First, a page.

Skin Cancer: The Most Common Cancer
Skin cancer is the most common of all cancers, with more than one million cases diagnosed every year. Most diagnosed skin cancers are related to sun exposure.1 It is estimated that in 2004 more than 10,000 Americans will die of skin cancer – 7,900 from melanoma and 2,300 from other skin cancers. Over the last two decades, the incidence of melanoma has more than triple among Caucasians.2
Types of skin cancer
Skin cancer can occur anywhere on the body, but occurs most often on parts of the body exposed to sunlight, such as the face, ear, neck, and hands.1 The top layer of skin is called the epidermis, which contains three kinds of cells: flat, scaly cells on the surface called squamous cells; round cells called basal cells; and cells called melanocytes that color the skin. There are two types of skin cancer:
- Non-melanoma (basal or squamous cell) skin cancer is the most common type and can be fast or slow growing but rarely spreads to other parts of the body.
- Melanoma occurs when cancer cells are found in the melanocytes. Melanoma accounts for a small percentage of skin cancer but is far more dangerous and causes the majority of skin cancer deaths. The good news is that it is almost always curable when detected early. For localized melanoma, the 5-year survival rate is 96%.1
Some of the risk factors for skin cancer include:
- Over-exposure to natural or artificial sunlight;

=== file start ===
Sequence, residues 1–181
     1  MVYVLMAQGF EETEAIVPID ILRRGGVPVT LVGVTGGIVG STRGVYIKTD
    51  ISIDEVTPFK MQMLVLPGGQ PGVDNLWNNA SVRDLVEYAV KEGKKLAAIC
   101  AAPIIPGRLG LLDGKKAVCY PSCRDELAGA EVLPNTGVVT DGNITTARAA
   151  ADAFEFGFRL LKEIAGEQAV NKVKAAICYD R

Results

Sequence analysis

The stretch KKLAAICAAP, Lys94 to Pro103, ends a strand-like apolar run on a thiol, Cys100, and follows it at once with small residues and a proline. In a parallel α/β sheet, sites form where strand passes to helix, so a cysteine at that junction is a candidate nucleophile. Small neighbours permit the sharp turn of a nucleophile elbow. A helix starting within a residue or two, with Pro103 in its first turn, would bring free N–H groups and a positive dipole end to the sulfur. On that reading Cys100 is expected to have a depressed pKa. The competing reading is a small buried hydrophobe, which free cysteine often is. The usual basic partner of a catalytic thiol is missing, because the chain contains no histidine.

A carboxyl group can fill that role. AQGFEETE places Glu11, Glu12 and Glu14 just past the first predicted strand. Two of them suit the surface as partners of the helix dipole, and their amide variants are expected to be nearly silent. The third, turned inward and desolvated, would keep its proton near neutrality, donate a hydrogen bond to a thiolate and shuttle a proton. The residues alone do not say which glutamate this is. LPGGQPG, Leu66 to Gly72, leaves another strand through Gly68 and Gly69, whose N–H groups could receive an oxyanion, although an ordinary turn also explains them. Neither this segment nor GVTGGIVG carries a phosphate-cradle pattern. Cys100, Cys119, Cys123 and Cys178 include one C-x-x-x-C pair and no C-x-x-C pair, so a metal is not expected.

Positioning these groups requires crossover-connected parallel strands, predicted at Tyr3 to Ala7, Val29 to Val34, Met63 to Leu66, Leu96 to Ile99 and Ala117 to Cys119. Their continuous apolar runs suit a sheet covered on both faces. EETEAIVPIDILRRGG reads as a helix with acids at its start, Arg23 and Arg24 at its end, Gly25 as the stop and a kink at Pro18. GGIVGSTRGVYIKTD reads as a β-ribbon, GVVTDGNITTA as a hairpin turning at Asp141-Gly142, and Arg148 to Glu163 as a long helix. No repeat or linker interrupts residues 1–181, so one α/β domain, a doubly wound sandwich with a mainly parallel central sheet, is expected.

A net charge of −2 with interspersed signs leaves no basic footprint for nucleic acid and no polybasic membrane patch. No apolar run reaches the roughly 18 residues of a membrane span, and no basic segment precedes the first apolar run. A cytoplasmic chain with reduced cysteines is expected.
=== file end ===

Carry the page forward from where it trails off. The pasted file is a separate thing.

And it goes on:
- Fair complexion (blond or red hair, fair skin, green or blue eyes);
- Northern European heritage;
- Exposure to coal tar, pitch, creosote, arsenic compounds, or radium;
- Multiple or atypical moles;
- Family history; and
- Having actinic keratosis (rough, raised scaly patches on the skin). 1,3
Routine examinations of the skin increase the chance of finding skin cancer early. If an area of the skin looks abnormal, a doctor may remove all or part of the growth to check for cancer cells.
As with most cancers, early detection is vital to a good outcome. The following symptoms might indicate skin cancer and should be reported to your doctor.
- Changes in the skin, including the size or color of a mole, or a new growth;
- Scaliness, oozing, bleeding, or a change in the appearance of a bump of nodule on the skin;
- The spread of darker pigmentation beyond the edges of a mole; and
- A change in sensation, itchiness, tenderness, or pain.1
The best way to avoid the risk on non-melanoma skin cancer is to limit exposure to intense sunlight and to practice safe sun exposure. For example:
- Avoid the sun when it is strongest – from 10 a.m. to 4 p.m.;
- Use a sunscreen with a sun protection factor (SPF) of 15 or higher;
- Wear a hat with a wide brim to protect your face;
- Wear sunglasses with 99-100 percent UV absorption to protect your eyes and the surrounding skin; and
- Follow safe sun practices even on cloudy days because UV rays travel through clouds.1
Treatment for skin cancer depends on several factors including: the stage of the cancer (whether or not it has spread), type of cancer, size and location, and the patient’s general health. Depending on these factors, treatment may include surgery, radiation therapy, chemotherapy, and/or photodynamic therapy (uses drug and certain kind of laser light to kill cancer cells).4 The best treatment options should be discussed with your physician.
HSR&D Research on Skin Cancer
HSR&D is working to improve prevention and treatment for veterans with skin cancer. For example, through its Research Enhancement Award Program (REAP) at the San Francisco VA Medical Center, investigators are focusing on extremely common but generally non-fatal cancers, such as non-melanoma skin cancer. See below for more specific information about HSR&D studies.